ADD and ADHD: the collision with the norms
Attention and diligence are still the basic prerequisites for good grades in school today. A later professional career in turn depends heavily on academic performance. And just like school, professional life also imposes certain requirements such as punctuality, a sense of responsibility and reliability.
In order not to become an outsider, people “must” adapt to these norms more or less and fulfill the expectations placed on them as much as possible; however, if the manifestations of the ADHD/ADHS symptoms impair their performance so strongly,
- that school, training, work as well as the acquisition of everyday skills are at risk,
- that difficulties arose in the social sphere,
- that self-esteem suffers as a result,
those affected or their relatives (in the case of children and adolescents) should act as quickly as possible and seek professional advice about the ADHD/ADS problem.
Living with ADHD and ADD How to mitigate the effects of this disorder in everyday life
In adults, ADHD/ADS problems may decrease with aging. Although such a disorder usually does not “grow out” completely, many affected people manage to cope with it better and better in the course of their lives. Whether one can lead a fulfilling and successful life despite ADHD or ADD always depends on several factors. For example, it often has a positive effect if family, partners, colleagues and friends actively and consciously counteract the volatility and disorganization of the affected person.
Less distraction, more concentration
ADHD patients are usually very easily distracted. This often makes it difficult for them to find peace (or to themselves) and perhaps take a breath. In open-plan offices, these people are mostly unable to work despite their existing talents, and their “social compatibility” is also often “borderline”: Departments, groups or teams experience time and again, especially in regular meetings or conferences, that colleagues with ADHD/ADS can hardly be restrained in their zeal and have the tendency to interrupt others and comment on topics that do not concern them at all.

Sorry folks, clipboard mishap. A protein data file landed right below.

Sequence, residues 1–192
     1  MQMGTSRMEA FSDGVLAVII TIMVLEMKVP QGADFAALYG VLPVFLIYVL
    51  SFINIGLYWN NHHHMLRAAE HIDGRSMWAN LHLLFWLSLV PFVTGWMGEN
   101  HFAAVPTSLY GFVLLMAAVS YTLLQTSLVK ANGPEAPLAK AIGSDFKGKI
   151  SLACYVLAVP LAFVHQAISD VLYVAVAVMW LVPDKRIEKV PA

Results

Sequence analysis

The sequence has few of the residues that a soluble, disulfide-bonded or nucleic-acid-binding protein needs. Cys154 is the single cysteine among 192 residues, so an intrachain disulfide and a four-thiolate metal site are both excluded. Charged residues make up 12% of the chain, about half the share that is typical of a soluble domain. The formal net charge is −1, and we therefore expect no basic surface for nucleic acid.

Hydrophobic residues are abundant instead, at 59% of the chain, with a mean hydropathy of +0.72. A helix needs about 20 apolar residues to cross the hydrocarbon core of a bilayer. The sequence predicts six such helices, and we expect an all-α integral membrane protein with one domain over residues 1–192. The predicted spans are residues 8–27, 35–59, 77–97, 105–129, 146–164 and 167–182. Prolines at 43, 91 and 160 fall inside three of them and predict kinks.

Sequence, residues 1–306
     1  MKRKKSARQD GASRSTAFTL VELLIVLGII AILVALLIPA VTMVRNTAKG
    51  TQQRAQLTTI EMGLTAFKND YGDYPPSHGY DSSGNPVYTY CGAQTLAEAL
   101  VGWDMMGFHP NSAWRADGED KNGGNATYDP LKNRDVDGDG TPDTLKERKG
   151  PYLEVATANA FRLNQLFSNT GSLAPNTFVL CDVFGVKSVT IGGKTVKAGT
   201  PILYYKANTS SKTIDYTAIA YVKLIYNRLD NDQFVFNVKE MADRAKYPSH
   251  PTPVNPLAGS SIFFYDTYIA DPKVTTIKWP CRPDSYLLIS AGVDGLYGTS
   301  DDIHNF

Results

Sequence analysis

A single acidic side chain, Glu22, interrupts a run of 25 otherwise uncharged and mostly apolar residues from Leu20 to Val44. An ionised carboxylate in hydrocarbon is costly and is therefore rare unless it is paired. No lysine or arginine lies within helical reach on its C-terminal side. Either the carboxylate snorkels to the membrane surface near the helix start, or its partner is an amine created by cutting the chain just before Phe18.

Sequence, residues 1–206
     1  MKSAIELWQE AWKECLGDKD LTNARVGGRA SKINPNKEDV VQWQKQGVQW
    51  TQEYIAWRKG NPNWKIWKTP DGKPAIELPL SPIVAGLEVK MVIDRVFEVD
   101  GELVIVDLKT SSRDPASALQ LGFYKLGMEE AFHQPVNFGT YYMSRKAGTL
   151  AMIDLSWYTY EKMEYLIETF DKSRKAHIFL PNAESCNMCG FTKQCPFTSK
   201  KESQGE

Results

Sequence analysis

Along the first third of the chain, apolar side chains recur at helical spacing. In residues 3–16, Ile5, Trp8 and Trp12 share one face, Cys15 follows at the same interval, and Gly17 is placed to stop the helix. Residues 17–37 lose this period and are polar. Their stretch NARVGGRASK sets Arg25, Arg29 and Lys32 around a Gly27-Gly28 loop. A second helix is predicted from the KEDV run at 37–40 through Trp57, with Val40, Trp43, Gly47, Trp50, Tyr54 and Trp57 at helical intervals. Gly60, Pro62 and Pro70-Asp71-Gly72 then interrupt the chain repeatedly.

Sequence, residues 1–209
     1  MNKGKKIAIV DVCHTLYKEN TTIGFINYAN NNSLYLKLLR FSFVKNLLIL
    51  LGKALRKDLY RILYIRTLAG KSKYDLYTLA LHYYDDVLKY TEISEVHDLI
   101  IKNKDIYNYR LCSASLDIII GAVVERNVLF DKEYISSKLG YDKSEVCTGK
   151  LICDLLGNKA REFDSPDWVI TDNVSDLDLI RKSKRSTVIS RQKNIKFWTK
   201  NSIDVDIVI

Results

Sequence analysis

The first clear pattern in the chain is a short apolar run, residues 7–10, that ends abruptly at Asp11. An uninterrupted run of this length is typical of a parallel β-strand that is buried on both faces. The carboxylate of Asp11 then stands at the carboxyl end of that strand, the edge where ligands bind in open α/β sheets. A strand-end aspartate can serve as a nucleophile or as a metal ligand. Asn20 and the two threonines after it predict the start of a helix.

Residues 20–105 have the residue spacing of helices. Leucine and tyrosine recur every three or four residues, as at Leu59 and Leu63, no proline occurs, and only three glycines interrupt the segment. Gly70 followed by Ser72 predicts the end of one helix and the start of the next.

The website ADHSpedia therefore recommends to those affected, among other things:
- Work in stages and complete tasks in a reasonable amount of time before moving on to the next challenge
- not to act out perfectionism
- Ask, if possible, to be assigned a workspace where creative work can be done
- to ensure adequate breaks from work and regular sleep
- Ask to be moved to a quieter work area if working in an open office leads to more unwanted distractions and lack of concentration
avoid conflicts in the partnership
In relationships with two distinctly different characters, ADHD or ADD can quickly lead to discord and separation. At the beginning, one partner may be fascinated by the spontaneity and the exuberant inventiveness of his partner (or vice versa), but in the everyday life of the relationship this can often become an almost unbearable burden. However, if the healthy partner succeeds in responding to the impulsive and erratic behavior of the other (or others) in a patient, restrained, and, not least, pioneering manner, both can work out a mutually tolerable way of dealing with the ADHD/ADS disorder.